However, I do not suggest stimulating children in expanded versions of Skinner boxes. Our body-brain-mind systems develop through self-directed use. We are designed to move through a world of sensation—to process on the fly and on foot. We learn to think, read, and imagine—we write—by moving through the world. Williams cites the work of Kyung Hee Kim on the value of movement. Kim states that “[c]reative thinking is stimulated by physical activity, whether walking, running or active playing”—all of which run counter to the dictum of “writing=ass in chair.”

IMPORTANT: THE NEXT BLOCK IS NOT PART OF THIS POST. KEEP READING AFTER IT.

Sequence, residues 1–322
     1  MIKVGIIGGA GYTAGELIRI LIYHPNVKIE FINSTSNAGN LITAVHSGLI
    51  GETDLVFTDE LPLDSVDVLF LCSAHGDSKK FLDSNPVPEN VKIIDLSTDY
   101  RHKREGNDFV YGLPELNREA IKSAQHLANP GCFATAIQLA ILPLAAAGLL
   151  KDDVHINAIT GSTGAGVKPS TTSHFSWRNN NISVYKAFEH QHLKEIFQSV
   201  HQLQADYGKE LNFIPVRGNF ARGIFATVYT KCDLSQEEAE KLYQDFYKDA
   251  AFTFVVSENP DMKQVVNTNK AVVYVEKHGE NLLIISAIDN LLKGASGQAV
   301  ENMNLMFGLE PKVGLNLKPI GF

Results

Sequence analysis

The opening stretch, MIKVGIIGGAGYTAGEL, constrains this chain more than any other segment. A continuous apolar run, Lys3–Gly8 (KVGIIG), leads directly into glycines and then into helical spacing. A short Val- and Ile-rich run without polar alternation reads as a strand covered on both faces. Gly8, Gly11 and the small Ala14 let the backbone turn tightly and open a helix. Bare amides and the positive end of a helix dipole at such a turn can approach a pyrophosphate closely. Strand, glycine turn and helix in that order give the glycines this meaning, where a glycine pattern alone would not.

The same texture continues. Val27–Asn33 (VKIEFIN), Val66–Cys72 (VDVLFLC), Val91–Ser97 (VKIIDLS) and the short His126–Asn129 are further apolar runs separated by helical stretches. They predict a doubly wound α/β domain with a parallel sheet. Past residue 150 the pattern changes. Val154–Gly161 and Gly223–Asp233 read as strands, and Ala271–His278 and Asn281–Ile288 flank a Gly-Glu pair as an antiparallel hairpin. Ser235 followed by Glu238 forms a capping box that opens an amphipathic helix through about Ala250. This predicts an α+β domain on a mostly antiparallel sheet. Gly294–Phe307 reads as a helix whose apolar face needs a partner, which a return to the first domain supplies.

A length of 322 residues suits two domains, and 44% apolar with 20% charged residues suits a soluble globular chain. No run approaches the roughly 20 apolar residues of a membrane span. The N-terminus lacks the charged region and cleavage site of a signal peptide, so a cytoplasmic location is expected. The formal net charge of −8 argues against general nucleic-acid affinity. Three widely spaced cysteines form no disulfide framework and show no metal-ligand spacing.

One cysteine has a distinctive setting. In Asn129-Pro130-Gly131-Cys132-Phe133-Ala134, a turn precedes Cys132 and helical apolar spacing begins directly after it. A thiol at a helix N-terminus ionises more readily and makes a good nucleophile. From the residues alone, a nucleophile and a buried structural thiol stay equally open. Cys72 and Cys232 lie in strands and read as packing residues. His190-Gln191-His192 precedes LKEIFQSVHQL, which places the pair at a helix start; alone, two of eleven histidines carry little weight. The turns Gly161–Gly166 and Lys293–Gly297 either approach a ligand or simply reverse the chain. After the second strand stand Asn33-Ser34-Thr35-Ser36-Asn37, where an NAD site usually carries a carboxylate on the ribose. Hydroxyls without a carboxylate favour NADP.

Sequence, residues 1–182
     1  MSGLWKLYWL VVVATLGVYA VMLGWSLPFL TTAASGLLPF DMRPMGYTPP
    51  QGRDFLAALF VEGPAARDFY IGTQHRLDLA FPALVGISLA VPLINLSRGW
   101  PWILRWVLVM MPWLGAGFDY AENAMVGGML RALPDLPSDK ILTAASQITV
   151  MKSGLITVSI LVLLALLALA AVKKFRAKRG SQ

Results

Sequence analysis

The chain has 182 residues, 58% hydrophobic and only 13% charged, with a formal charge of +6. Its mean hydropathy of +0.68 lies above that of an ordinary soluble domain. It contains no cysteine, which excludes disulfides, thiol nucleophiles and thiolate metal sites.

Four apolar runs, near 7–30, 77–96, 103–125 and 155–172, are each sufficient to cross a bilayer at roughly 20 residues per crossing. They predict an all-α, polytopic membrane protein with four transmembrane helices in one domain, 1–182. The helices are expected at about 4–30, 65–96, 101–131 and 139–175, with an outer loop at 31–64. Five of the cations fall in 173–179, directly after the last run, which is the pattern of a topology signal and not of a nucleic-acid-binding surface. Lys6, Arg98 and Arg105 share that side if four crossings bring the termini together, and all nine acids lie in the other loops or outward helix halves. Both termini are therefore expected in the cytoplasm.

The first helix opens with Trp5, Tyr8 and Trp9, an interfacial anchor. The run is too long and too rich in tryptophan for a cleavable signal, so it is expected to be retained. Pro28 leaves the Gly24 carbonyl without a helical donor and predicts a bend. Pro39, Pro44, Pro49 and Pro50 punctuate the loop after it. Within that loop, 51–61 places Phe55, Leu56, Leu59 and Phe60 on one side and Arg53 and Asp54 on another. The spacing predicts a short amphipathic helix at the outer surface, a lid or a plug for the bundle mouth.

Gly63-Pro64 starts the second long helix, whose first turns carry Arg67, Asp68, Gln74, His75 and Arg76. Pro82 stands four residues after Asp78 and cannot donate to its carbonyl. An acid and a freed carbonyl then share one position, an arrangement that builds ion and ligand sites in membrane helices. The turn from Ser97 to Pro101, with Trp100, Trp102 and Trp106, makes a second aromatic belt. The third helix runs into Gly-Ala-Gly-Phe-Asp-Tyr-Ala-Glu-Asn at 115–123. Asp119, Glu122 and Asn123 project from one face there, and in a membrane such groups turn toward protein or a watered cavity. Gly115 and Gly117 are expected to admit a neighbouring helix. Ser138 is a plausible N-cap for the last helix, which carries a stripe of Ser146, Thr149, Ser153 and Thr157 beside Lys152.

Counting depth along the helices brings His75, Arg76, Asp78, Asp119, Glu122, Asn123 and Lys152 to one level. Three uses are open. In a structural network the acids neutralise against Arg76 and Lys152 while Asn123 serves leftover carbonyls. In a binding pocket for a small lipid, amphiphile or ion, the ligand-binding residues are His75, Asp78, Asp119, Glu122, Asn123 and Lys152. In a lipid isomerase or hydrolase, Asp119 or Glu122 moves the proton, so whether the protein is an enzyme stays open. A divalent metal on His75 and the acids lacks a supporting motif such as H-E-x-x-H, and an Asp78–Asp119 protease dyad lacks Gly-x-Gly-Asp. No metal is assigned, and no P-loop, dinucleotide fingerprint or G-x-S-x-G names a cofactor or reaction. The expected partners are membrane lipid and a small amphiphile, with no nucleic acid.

And creative thinking does not contribute to just writing or sculpting; it’s a matter of finding solutions that don’t plop themselves down in front of your nose. Or just behind your nose in your prefrontal cortex—although this too is vital. Creative thinking must veer from the straight-ahead planning that our prefrontal cortices make so fabulously possible. Planning in a straight line—our preferred method—bound by the powerful predicting mechanisms in our minds does not always lead to the best outcomes. We discover solutions by getting lost, encountering (and embracing) the unexpected, then adapting. We have to trigger error messages in our brains and become comfortable with the inevitable mistakes. I think of my students who more and more routinely fight against reading because they “do not relate” to a particular text. What is “do not relate” other than a self-reflective (“It’s not me”; “It’s not something I already know”; “It’s not something I can easily predict”) error message?